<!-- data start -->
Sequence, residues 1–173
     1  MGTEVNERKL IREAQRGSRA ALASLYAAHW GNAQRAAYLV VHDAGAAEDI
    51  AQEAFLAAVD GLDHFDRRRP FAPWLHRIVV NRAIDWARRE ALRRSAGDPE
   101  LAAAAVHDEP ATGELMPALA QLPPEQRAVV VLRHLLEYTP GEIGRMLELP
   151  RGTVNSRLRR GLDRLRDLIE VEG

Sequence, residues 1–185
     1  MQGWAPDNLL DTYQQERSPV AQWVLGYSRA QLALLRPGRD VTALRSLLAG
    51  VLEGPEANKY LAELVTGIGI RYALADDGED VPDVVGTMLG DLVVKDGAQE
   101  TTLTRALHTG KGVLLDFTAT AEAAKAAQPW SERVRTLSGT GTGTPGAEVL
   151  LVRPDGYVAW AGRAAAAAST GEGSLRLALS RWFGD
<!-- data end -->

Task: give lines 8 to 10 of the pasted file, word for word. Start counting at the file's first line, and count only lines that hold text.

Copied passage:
    51  VLEGPEANKY LAELVTGIGI RYALADDGED VPDVVGTMLG DLVVKDGAQE
   101  TTLTRALHTG KGVLLDFTAT AEAAKAAQPW SERVRTLSGT GTGTPGAEVL
   151  LVRPDGYVAW AGRAAAAAST GEGSLRLALS RWFGD